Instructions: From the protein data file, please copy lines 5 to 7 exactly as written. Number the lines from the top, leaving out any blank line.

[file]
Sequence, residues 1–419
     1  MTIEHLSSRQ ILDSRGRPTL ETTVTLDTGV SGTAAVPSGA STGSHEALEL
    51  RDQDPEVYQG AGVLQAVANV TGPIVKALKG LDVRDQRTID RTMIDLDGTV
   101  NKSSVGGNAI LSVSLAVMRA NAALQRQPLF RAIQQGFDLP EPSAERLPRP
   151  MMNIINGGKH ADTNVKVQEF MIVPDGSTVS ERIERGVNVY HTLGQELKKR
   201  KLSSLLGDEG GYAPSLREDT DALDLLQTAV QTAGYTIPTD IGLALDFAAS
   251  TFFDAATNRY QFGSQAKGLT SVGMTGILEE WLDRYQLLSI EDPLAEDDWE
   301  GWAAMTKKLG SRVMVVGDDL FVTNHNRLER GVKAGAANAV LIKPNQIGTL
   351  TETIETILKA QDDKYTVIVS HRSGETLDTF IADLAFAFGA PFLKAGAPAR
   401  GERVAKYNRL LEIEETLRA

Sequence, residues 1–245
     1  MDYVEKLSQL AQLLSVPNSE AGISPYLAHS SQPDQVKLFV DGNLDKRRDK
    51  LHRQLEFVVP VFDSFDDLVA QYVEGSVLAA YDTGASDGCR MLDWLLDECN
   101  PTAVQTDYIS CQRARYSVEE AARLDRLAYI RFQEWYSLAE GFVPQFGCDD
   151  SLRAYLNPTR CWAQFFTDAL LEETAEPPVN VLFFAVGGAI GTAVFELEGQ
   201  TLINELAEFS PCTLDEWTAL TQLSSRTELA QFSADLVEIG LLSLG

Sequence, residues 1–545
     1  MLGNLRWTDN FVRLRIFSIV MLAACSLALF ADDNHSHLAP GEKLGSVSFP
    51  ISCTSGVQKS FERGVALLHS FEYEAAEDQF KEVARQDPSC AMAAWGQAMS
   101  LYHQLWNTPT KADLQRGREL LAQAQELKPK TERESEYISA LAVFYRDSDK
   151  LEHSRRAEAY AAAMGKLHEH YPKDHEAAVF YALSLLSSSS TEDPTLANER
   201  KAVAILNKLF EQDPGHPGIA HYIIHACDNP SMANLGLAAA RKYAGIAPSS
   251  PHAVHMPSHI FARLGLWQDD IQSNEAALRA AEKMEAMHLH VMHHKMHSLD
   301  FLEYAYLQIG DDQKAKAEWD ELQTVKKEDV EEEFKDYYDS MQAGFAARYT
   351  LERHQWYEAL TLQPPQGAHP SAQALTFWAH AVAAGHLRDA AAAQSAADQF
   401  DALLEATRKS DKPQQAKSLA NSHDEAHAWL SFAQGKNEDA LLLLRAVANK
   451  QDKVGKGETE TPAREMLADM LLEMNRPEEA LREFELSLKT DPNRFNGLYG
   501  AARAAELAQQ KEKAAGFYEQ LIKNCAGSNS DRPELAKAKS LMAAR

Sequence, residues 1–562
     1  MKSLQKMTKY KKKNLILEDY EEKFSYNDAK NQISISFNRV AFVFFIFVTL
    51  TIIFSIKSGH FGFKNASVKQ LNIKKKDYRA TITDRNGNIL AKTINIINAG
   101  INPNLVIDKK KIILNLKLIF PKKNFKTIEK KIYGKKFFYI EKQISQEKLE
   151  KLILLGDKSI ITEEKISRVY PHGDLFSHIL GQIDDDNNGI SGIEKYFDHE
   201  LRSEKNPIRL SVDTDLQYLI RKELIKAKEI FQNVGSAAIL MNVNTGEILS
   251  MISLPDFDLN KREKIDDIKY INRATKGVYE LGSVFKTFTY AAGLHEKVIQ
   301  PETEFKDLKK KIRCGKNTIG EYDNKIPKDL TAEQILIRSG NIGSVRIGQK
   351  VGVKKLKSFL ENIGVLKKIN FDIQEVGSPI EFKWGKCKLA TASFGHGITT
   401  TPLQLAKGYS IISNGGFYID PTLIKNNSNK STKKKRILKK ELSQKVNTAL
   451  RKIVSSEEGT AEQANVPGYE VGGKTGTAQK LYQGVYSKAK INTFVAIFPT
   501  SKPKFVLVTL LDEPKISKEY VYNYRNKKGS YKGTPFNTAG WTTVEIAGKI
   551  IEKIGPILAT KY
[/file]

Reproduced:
   151  MMNIINGGKH ADTNVKVQEF MIVPDGSTVS ERIERGVNVY HTLGQELKKR
   201  KLSSLLGDEG GYAPSLREDT DALDLLQTAV QTAGYTIPTD IGLALDFAAS
   251  TFFDAATNRY QFGSQAKGLT SVGMTGILEE WLDRYQLLSI EDPLAEDDWE